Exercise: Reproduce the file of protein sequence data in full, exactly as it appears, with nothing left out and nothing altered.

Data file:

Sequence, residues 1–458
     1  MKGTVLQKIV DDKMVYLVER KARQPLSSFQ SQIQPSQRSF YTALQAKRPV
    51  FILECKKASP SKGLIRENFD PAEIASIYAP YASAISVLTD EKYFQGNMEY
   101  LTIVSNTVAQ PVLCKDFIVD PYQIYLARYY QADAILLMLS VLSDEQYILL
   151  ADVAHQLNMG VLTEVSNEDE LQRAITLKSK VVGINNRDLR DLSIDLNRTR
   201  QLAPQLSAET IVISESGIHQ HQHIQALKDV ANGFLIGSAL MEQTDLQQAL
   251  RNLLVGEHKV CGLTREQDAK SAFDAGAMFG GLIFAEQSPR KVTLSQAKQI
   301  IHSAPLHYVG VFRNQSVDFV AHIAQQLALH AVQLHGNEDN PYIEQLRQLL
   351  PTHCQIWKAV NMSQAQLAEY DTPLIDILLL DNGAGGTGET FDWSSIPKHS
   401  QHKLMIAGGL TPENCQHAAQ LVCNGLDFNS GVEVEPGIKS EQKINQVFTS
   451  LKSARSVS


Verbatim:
Sequence, residues 1–458
     1  MKGTVLQKIV DDKMVYLVER KARQPLSSFQ SQIQPSQRSF YTALQAKRPV
    51  FILECKKASP SKGLIRENFD PAEIASIYAP YASAISVLTD EKYFQGNMEY
   101  LTIVSNTVAQ PVLCKDFIVD PYQIYLARYY QADAILLMLS VLSDEQYILL
   151  ADVAHQLNMG VLTEVSNEDE LQRAITLKSK VVGINNRDLR DLSIDLNRTR
   201  QLAPQLSAET IVISESGIHQ HQHIQALKDV ANGFLIGSAL MEQTDLQQAL
   251  RNLLVGEHKV CGLTREQDAK SAFDAGAMFG GLIFAEQSPR KVTLSQAKQI
   301  IHSAPLHYVG VFRNQSVDFV AHIAQQLALH AVQLHGNEDN PYIEQLRQLL
   351  PTHCQIWKAV NMSQAQLAEY DTPLIDILLL DNGAGGTGET FDWSSIPKHS
   401  QHKLMIAGGL TPENCQHAAQ LVCNGLDFNS GVEVEPGIKS EQKINQVFTS
   451  LKSARSVS